Domestically Controlled REITs Under Proposed Regulations
February 02, 2023
By Arthur Khaimov and Benjamin Feldman
On December 29, 2022, the Treasury Department and the IRS released guidance on issues related to IRC Sec. 897, which may impact structures that real estate funds and REITs use to shield foreign investors from U.S. tax exposure. Real estate fund sponsors need to review their current structures to stay in compliance with the proposed regulation guidelines. In addition, a real estate fund sponsor may have to notify their foreign investors due to a side letter obligation, notifying them that a REIT they invest in may no longer be considered domestically controlled. Below is a brief summary of background and the impact these proposed regulations may have on taxpayers.
IRC Sec. 897 provides that foreign investors must generally treat gains from the sale of a U.S. real property interest (“USPRI”), i.e., U.S. real property, as effectively connected with a U.S. trade or business. Definition of a USPRI also includes equity interests in a U.S. real property holding corporation (“USRPHC”), which is generally a corporation with more than 50% of its assets represented by USPRIs. The disposition of USPRIs typically triggers potential tax exposure for foreign investors, as well as withholding requirements for the seller under the Foreign Investment in Real Property Tax Act of 1980 (“FIRPTA”). An important exception to the treatment of a disposition of an equity interest being subject to FIRPTA withholding is the sale of stock shares of a “domestically controlled” REIT ("DCR").
Domestically Controlled REIT
A REIT is domestically controlled if less than 50% of its stock is directly or indirectly owned by foreign persons continuously during the five-year period ending on day of sale or period during which the REIT was in existence, if shorter. While the sale of REIT stock would seem to fall under IRC Sec. 897 -- thereby imposing tax on foreign persons -- there is a key exception to this rule with the sale of stock shares of DCRs. A foreign person disposing of DCR shares generally would not be subject to U.S. tax.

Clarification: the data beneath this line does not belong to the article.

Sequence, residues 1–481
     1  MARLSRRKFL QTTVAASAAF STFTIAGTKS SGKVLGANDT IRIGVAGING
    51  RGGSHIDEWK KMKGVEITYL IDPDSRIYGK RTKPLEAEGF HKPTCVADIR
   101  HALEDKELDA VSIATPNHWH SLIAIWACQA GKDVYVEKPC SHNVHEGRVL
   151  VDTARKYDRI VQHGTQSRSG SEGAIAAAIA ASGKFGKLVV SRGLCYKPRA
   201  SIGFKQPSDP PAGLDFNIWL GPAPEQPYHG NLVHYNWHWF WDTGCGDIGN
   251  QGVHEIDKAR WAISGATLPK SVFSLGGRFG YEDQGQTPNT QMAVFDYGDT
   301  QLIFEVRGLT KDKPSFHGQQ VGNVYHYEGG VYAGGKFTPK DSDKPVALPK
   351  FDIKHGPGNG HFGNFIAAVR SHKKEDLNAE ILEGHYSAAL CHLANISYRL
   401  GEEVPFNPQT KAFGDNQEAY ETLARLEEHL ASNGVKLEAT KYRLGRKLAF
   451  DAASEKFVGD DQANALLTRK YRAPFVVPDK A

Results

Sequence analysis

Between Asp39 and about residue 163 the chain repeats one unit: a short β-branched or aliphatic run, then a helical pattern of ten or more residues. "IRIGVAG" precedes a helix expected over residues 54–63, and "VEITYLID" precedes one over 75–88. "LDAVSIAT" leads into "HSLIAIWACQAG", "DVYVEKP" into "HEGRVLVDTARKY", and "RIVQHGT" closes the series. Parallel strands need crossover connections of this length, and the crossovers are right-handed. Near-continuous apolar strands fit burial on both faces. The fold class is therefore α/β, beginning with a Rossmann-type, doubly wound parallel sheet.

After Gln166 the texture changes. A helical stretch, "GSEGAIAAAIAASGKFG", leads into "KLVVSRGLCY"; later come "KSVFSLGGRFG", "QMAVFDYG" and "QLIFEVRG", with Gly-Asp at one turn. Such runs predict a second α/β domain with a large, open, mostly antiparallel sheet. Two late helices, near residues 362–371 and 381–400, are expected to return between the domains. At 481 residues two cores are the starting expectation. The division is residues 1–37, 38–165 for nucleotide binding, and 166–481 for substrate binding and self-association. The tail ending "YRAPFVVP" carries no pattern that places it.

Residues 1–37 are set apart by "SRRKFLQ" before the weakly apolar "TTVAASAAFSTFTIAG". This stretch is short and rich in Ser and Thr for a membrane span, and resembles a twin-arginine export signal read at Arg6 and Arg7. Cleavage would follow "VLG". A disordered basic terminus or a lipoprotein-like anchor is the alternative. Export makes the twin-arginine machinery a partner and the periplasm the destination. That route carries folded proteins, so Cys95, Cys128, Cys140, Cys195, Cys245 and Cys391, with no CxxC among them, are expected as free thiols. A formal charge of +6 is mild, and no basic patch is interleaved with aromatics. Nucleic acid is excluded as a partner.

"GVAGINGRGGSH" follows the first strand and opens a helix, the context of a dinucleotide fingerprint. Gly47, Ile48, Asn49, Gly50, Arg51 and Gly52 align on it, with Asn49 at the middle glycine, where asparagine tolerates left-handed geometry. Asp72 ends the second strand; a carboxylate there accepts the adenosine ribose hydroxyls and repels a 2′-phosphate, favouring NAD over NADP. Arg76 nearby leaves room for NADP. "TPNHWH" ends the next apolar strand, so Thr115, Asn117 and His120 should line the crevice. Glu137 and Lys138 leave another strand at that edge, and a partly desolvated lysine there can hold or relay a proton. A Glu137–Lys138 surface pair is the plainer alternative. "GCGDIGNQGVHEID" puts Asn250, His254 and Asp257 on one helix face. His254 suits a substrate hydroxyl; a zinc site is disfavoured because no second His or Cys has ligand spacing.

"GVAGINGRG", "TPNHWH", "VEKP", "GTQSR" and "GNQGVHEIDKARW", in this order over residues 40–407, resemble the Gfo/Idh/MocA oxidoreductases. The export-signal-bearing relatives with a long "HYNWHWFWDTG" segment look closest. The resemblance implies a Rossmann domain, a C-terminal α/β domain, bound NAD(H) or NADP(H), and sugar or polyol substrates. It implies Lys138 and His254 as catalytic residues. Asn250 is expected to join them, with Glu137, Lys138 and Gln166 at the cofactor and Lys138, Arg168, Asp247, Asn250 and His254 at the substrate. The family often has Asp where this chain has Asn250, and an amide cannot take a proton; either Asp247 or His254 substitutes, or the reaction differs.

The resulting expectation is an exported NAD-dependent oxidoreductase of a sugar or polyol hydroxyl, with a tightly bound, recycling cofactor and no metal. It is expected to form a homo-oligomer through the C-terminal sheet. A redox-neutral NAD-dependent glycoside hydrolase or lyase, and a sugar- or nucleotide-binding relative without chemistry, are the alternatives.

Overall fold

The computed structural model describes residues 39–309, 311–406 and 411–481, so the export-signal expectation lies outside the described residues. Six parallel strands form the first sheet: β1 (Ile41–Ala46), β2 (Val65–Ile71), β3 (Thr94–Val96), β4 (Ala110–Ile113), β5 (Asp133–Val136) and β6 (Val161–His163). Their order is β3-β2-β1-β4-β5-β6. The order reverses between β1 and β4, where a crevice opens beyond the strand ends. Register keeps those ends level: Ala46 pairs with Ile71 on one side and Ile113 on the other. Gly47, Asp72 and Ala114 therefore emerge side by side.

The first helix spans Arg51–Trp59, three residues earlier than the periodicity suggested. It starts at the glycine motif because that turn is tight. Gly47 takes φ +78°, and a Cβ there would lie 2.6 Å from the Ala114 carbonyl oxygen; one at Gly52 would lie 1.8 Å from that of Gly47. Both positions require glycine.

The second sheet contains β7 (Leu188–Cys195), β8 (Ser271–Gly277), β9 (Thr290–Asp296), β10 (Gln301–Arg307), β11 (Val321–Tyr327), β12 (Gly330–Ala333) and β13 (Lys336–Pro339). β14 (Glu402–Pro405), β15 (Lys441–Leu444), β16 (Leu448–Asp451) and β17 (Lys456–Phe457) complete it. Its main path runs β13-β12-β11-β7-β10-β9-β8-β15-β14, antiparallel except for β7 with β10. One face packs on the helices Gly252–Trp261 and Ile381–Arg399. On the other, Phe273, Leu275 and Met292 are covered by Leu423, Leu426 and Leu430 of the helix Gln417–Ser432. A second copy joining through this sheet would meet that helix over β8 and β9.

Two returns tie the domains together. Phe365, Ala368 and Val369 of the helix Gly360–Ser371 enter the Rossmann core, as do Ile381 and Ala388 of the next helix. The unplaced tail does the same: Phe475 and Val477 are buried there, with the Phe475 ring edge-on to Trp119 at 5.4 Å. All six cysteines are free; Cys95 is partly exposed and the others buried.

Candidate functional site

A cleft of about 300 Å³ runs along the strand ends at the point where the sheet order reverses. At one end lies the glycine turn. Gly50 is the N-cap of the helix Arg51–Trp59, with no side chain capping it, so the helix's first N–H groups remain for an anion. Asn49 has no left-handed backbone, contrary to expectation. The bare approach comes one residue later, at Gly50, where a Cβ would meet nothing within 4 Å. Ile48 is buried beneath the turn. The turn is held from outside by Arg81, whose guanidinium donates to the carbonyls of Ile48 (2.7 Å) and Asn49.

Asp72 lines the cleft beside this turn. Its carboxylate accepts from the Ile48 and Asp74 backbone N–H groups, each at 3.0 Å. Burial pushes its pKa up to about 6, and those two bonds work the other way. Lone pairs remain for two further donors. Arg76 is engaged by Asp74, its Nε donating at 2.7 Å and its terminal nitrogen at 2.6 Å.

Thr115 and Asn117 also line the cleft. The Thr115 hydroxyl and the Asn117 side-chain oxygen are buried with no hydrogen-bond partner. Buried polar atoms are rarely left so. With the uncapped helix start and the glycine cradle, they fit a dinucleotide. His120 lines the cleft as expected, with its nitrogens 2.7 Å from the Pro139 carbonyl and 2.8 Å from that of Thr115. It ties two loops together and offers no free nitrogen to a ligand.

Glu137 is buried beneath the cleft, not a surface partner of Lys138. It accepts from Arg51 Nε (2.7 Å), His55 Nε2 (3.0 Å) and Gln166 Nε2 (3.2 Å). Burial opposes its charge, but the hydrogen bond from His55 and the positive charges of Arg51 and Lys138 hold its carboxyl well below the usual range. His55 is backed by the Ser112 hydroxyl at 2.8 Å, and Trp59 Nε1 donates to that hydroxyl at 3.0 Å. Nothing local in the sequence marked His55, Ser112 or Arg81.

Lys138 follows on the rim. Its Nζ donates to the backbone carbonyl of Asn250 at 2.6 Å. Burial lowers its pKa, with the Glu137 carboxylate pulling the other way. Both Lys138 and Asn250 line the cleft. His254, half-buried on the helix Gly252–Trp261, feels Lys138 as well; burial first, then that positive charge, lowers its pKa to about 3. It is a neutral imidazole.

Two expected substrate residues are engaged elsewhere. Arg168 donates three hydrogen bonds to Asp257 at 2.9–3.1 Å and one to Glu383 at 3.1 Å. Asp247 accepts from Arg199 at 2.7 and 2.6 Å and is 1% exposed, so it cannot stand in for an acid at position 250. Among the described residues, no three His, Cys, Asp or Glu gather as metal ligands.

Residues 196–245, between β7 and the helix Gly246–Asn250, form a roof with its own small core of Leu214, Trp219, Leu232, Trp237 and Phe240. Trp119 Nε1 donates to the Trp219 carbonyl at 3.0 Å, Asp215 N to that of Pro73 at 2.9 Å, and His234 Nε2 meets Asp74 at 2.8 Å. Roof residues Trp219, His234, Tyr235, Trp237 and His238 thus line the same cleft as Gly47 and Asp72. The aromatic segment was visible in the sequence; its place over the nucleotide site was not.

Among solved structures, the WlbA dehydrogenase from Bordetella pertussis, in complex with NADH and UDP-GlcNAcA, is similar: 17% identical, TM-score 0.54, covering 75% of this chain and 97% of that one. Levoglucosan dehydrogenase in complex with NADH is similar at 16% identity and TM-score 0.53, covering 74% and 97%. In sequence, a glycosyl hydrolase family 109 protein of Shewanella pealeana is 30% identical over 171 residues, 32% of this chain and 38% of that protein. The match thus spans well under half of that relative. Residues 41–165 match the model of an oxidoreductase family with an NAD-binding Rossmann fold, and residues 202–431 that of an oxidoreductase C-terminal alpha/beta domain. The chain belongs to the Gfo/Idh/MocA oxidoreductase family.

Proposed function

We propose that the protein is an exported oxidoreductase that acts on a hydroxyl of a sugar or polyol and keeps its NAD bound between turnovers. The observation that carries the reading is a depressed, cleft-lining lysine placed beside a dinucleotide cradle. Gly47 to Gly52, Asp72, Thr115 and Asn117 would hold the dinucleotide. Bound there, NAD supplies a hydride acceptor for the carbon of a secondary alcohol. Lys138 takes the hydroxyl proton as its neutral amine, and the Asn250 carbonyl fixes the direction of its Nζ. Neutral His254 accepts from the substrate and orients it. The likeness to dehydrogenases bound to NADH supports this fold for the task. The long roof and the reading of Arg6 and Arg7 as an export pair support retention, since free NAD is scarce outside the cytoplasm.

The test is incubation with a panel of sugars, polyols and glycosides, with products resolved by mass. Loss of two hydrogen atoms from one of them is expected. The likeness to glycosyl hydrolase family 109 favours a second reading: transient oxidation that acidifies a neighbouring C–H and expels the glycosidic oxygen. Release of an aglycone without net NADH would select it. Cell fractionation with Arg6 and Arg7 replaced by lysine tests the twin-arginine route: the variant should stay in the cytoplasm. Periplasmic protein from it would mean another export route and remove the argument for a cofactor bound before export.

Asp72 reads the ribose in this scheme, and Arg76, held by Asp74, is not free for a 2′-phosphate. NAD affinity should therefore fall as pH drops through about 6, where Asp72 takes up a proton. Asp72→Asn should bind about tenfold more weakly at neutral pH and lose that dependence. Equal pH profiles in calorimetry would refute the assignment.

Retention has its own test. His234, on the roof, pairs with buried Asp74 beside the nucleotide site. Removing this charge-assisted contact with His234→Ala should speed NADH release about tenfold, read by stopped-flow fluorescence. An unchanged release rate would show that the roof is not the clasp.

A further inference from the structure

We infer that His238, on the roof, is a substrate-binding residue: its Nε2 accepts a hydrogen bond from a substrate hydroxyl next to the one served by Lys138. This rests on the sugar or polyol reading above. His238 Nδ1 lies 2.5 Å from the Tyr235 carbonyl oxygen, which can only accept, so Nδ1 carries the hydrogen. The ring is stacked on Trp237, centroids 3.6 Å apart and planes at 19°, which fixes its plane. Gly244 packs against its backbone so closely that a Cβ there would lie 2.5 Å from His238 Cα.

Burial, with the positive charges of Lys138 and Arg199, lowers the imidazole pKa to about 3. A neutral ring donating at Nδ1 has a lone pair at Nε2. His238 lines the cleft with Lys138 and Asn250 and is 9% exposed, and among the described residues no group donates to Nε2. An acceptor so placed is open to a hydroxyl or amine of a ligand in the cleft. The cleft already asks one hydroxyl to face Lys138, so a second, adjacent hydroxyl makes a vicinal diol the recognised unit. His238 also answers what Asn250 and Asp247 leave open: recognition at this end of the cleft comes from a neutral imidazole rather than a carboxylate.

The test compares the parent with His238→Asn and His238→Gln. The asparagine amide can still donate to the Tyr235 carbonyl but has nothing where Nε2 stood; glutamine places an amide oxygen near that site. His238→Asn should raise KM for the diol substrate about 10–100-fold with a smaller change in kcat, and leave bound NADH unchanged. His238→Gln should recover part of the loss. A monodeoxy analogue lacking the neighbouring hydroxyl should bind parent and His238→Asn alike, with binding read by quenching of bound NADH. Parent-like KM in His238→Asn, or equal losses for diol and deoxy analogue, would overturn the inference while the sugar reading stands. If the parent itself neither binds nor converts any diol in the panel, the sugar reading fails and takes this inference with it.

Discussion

As stated above, the definition of a DCR looks for “direct or indirect” foreign person ownership but there has been ambiguity concerning when it is necessary to “look-through” the direct owners to the ultimate indirect owners for purposes of this test. Due to absence of clear guidance on this issue, many have relied upon Private Letter Ruling 200923001, which refers to Treas. Reg. 1.857-8, which states that the actual owner of the REIT is the person who is required to include in gross income the dividend received. As such, a C corporation who is foreign owned but that includes a REIT’s dividend on its U.S. corporate tax return will count as a non-foreign person for purposes of DCR rules despite their indirect foreign ownership.
Moreover, the proposed regulations bring an example where a REIT is 49% owned by a foreign person and remaining 51% owned by a U.S. partnership, which is 100% owned by foreign persons. Although 100% of REIT stock is indirectly owned by foreign persons, the proposed regulations state that, under current law and the lack of definitive guidance, the taxpayer could assert that for purposes of DCR ownership rules, this scenario would result in the REIT being “domestically controlled” thereby making the sale of shares tax free to a foreign investor. To clarify the current law, the Treasury Department and the IRS have concluded that such interpretations are incorrect and provided further guidance.
DCRs Under the Proposed Regulations
In order to determine whether a REIT is a DCR, the proposed regulations apply a “look-through” approach until you reach a “non-look-through person.” An example of some non-look-through persons are individuals, domestic C corporations (other than foreign-owned domestic corporations), foreign corporations (including foreign governments), publicly traded REITs, etc. A look-through person is any person that is not a non-look-through person.
Generally, domestic C corporations are non-look-through entities, but the proposed regulations apply a “limited” look-through approach for domestic C corporations that are foreign owned. A “foreign owned domestic corporation” is defined as a U.S. corporation that is (i) not publicly traded and (ii) whose stock is owned directly or indirectly 25% or more by foreign persons. This could potentially impact many real estate funds and REITs, as a common technique to shield foreign investors from taxes imposed by IRC Sec. 897 was by using a “blocker corporation” owned by foreign investors that typically hold more than a 25% stake in the corporation. Under the proposed regulations, such a structure would be looked through to determine if a REIT would be considered a DCR. The IRS believes that the new proposed look through methods are consistent with the definition of “indirect” ownership as codified in IRC Sec. 897(h)(4)(B).
Foreign investors and real estate fund sponsors need to review their current structures to determine whether they satisfy the proposed regulation guidelines as the IRS may challenge positions contrary to the proposed look-through rules before the issuance of final regulations.